The federal government has set a date for its first full budget bill in more than two years.
Finance Minister Chrystia Freeland announced Tuesday in the House of Commons that she will table the budget April 19, as the feds look to plot Canada’s course through the next stage of the pandemic and into the recovery beyond.
The budget comes on the heels of Canada’s largest peace-time spending spree in its history. In the Fall Economic Statement released last November, Ottawa projected a deficit of $381.6 billion – or 17.5 per cent of gross domestic product – in the 2020-21 fiscal year after unprecedented income supports and overall economic destruction due to the pandemic led to a torrent of red ink.
The feds acknowledged at the time that the deficit could swell beyond $400 billion depending on the trajectory of the virus and new lockdown measures meant to curb its spread.
That record-shattering deficit prompted Ottawa to scrap its long-held pledge to stick to a “fiscal anchor” of a declining debt-to-GDP ratio, instead adopting what it calls “fiscal guardrails” to ensure the national debt load does not spiral out of control. Ottawa projects the debt-to-GDP ratio will peak in the coming fiscal year at 52.6 per cent before steadily declining over the forecast horizon.
In the same statement, the feds forecast a further budgetary shortfall of $121.2 billion in fiscal 2021-22 and a deficit of $50.7 billion in 2022-23. Those figures don’t account for a further $70 billion to $100 billion worth of spending over the next three years, which the feds earmarked for further stimulus spending.
While the government has pledged that spending to help support the recovery, there are questions over how much further stimulus the domestic economy needs after months of pandemic-forced consumer savings.
Economists surveyed by BNN Bloomberg this month overwhelmingly said the Canadian economy could get a much larger boost from widespread vaccinations than from further government spending, with Canadian households and businesses sitting on an estimated $170 billion worth of excess cash. Freeland has since described that cash hoard as a source of “pre-loaded stimulus” that could be unleashed into the domestic economy once there are widespread economic reopenings allowing Canadians to spend freely.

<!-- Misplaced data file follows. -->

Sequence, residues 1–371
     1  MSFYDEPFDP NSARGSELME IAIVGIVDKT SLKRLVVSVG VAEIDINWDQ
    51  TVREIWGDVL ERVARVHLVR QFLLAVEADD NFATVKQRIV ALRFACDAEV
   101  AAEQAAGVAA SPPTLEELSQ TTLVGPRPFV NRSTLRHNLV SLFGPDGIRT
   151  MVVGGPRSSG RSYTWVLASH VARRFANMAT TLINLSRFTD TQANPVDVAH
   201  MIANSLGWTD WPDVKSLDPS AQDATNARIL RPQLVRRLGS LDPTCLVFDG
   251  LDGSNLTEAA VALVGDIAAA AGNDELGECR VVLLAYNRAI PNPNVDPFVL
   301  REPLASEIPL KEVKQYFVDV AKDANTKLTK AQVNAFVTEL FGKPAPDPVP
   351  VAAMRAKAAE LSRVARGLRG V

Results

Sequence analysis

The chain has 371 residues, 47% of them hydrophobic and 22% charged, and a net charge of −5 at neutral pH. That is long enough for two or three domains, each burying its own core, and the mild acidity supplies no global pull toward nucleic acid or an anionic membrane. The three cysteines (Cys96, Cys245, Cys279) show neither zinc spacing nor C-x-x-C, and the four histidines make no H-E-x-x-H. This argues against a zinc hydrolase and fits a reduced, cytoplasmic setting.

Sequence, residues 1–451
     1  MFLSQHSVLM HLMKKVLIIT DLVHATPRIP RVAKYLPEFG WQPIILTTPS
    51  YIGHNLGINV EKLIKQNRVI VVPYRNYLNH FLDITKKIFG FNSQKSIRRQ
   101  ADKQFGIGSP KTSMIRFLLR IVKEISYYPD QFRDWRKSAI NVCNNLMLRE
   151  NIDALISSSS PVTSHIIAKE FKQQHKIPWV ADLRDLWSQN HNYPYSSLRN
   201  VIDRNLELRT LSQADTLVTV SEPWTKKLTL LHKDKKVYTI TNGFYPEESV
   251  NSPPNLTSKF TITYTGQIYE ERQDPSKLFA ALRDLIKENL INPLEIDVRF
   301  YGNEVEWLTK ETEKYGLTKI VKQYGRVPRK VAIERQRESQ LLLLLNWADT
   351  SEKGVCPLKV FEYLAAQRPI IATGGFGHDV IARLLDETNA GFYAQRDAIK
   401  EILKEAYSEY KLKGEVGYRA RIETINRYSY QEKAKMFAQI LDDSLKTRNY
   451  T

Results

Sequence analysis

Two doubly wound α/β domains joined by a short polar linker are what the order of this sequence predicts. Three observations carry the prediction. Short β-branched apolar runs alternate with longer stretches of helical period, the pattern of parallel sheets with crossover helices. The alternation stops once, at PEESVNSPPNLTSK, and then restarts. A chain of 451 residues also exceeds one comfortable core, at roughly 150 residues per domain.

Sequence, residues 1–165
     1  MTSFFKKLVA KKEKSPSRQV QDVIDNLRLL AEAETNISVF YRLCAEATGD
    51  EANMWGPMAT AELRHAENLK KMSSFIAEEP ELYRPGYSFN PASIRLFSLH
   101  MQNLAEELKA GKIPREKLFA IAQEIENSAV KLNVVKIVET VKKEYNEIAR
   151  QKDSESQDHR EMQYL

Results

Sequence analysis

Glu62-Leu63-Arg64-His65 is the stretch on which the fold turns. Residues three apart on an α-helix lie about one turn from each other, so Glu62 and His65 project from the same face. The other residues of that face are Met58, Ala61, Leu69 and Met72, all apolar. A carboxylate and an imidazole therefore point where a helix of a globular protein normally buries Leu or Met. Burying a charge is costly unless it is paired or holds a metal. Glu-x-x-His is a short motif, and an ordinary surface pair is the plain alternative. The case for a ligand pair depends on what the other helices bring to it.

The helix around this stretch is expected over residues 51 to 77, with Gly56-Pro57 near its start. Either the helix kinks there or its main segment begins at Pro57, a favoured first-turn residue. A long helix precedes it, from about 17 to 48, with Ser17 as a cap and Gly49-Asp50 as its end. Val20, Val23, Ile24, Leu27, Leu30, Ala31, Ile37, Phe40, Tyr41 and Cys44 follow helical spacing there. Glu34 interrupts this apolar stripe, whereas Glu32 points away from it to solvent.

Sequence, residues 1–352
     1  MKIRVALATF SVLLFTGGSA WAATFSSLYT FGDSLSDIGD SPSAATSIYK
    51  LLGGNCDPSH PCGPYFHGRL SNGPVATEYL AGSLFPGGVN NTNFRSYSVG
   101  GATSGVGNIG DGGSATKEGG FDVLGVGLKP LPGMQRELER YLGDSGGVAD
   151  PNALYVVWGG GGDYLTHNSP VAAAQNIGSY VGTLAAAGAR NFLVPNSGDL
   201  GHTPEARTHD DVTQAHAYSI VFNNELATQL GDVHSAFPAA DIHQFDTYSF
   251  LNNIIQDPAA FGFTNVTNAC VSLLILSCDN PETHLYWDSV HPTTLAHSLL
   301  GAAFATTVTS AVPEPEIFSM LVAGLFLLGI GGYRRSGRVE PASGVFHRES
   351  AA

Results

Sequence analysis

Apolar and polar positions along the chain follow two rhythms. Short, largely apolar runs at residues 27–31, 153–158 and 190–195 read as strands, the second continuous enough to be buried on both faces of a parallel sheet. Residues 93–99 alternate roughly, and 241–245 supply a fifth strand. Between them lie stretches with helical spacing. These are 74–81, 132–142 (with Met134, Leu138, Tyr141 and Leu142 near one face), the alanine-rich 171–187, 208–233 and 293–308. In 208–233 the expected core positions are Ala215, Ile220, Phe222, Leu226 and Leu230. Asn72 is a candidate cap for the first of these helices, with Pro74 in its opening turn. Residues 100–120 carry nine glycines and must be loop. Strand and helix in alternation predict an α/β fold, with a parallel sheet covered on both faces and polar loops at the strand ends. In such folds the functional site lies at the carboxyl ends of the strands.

In a Dec. 4 interview, Freeland highlighted that cash pile as a potential way for households to turbocharge the economic recovery.
“None of us have a crystal ball, but economists have been pointing out that some Canadian households, and it tends to be the better-off households, do have quite a lot of money that they’ve saved because there hasn’t been that much to do in the pandemic. And certainly it would be great if that money could go towards driving our recovery,” she said.
Among the other hot button issues expected in this year’s budget are how Canada intends to avoid long-term scarring to overall potential output, further action to combat climate change, and plans for a national childcare plan.
The feds have cited the record-low cost of borrowing as a mitigating factor for its spending spree, but there are some concerns that debt-servicing costs may exceed their original expectations. While the Bank of Canada has pledged to keep its policy rate near the effective lower bound, conditions in the credit market have seen benchmark Canadian government bond yields rise, which impacts the cost of borrowing not only for regular Canadians but for the government as well.